Anthropology, University of Toronto
Saturday All day, Park Concourse
Edge effects are an inevitable and important consequence of forest loss and fragmentation. These effects include changes in species biology and biogeography. Here we examine variations in body mass for two sympatric species of mouse lemurs (Microcebus murinus and M. ravelobensis) between edge and interior habitats in the dry deciduous forest at Ankarafantsika National Park. We anticipated that competitive exclusion would result in differing capture rates between species in edge and interior habitats. We predicted that the prevalence of Homopteran insects and their secretions, which represent a key food resource for local mouse lemurs, in edge habitats would result in higher body mass of mouse lemurs in these habitats. Between May and August 2012, we conducted mark-recapture experiments on mouse lemurs trapped along edge and interior forest transects within continuous forest adjacent to a large savanna near the Ampijoroa field station. Of the 37 M. murinus captured during our study, 78% (N=29) were trapped in interior habitats. Conversely, 75% (N=60) of M. ravelobensis were captured in edge habitats. We found that mean body mass of M. murinus and M. ravelobensis did not differ between edge and interior habitats. However, female M. ravelobensis weighed significantly more in edge habitats (56.6 ±10.4 g) than in interior habitats (48.1 ±11.7 g). We suggest that local resource competition combined with female dominance may have led to higher body mass in dominant animals in edge habitats. Our study provides some of the first evidence of sex differences in edge responses for a primate species.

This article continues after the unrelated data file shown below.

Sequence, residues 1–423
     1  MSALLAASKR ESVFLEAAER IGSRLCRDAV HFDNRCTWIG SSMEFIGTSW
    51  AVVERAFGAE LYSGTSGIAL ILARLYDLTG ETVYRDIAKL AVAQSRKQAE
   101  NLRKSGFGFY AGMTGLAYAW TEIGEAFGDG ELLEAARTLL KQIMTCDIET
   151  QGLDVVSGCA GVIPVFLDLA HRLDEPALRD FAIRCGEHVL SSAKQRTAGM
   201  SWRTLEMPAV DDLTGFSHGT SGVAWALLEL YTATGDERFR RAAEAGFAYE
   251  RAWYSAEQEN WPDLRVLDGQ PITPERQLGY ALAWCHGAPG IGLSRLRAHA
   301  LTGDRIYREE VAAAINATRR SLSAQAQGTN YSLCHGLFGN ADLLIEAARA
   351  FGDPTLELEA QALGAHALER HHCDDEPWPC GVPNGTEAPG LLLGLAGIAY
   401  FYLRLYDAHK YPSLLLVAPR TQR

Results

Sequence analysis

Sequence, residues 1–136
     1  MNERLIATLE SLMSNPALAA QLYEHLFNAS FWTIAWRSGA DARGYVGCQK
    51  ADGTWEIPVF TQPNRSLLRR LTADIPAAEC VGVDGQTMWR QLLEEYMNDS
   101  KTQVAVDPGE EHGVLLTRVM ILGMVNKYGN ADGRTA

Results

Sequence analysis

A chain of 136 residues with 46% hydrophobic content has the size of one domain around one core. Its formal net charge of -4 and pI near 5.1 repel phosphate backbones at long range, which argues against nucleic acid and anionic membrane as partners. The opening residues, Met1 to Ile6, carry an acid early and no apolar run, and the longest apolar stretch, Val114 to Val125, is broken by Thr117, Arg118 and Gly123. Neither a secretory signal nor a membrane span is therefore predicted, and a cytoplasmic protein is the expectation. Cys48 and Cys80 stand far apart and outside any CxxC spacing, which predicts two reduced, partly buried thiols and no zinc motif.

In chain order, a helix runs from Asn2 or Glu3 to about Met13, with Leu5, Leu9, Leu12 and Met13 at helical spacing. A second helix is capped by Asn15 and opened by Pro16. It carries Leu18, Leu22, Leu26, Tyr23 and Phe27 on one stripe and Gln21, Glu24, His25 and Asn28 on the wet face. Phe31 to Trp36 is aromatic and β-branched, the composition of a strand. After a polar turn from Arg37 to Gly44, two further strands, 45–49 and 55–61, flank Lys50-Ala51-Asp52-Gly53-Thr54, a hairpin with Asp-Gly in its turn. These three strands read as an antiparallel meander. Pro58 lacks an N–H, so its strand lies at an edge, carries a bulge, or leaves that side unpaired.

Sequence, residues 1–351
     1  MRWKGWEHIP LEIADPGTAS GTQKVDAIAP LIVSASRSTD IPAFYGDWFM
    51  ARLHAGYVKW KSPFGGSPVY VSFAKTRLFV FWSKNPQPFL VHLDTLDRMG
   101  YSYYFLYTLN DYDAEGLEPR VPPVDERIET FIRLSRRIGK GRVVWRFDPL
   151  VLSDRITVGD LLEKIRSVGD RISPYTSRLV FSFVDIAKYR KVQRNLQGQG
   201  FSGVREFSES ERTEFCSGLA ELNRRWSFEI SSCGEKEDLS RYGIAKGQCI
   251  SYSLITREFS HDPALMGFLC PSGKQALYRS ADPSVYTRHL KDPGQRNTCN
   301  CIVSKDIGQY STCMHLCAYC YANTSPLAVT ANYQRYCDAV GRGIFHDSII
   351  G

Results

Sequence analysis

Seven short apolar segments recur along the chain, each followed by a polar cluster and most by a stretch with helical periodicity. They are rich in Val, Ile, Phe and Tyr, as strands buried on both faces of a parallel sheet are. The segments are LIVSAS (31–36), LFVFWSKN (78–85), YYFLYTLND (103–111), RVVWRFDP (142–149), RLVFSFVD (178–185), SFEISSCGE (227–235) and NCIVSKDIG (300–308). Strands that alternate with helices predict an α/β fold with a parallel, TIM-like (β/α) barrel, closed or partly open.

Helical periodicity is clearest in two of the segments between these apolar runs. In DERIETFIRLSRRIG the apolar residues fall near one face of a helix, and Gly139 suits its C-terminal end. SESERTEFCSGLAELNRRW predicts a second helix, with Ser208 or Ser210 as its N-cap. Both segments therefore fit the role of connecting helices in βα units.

This study was supported by a NSERC Grant to SML.